Grand County drill leases halted

BLM notes the furor over 31,000 acres with little energy imprint.

By Steve Lipsher The Denver Post

 The federal government on Tuesday removed 23 oil-and-gas-exploration leases in Grand County from its upcoming sale after residents protested what they considered an unwarranted intrusion into unmarred country.

U.S. Bureau of Land Management officials announced that they would defer the Nov. 8 sale of 12,802 acres of BLM land and 18,276 acres of "split-estate" property - in which the landowner does not control the mineral rights beneath the ground - including scenic parcels just outside the county seat of Hot Sulphur Springs.

"We acknowledge that, with little federal oil-and-gas leasing in Grand County in recent years, all parties involved will benefit from additional discussions and outreach on the federal oil-and-gas leasing process," said BLM deputy state director Lynn Rust.

Granby Mayor Ted Wang expressed relief, saying that he recognized a groundswell of opposition to energy exploration in the fast-growing ranching and tourism region.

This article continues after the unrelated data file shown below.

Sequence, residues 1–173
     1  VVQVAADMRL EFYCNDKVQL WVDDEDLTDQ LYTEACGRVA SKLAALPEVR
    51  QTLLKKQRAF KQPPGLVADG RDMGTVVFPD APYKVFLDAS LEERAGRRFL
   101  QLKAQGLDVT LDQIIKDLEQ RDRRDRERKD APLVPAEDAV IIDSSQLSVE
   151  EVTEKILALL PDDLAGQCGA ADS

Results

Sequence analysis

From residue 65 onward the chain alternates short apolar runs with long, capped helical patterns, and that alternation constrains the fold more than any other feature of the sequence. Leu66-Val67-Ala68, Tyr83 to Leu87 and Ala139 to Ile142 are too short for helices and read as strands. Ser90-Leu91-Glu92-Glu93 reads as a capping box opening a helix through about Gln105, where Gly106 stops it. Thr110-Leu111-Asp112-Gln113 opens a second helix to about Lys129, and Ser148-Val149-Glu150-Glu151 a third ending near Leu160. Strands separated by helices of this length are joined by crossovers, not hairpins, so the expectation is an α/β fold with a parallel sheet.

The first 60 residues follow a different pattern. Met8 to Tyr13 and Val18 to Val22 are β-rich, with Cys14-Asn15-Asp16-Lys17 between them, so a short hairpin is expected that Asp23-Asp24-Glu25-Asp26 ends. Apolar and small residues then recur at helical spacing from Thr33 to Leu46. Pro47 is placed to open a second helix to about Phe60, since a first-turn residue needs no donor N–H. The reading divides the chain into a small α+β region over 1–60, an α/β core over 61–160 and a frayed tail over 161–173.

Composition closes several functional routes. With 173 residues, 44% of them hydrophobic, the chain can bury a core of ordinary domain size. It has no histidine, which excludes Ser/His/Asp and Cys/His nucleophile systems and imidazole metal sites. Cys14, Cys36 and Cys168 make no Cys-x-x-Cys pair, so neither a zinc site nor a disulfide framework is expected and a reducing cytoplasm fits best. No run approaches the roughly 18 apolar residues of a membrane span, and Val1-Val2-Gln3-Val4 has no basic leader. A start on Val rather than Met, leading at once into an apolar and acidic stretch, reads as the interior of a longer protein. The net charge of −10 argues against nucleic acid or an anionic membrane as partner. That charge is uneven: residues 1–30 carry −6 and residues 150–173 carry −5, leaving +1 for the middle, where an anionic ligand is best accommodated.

Wang and officials in four other Grand County towns indicated they had not been aware of the extent of the exploration that could occur and expressed concerns over the impacts to roads, housing, social services and the local economy.

The Colorado Division of Wildlife and environmental groups including Trout Unlimited also protested the leases.

Wildlife officials still harbor concerns about the leases proposed for parcels in Jackson, Routt and Moffat counties that could intrude into big-game habitat and undermine efforts to protect endangered fish.

The BLM plans to continue with sales of 135 parcels covering 129,726 acres across Colorado despite receiving protests on all of them, although no exploration will be allowed until those concerns are considered.

Grand County is not believed to harbor a significant profitable quantity of natural gas, a big reason that records say just one drilling permit has been issued there since 1988.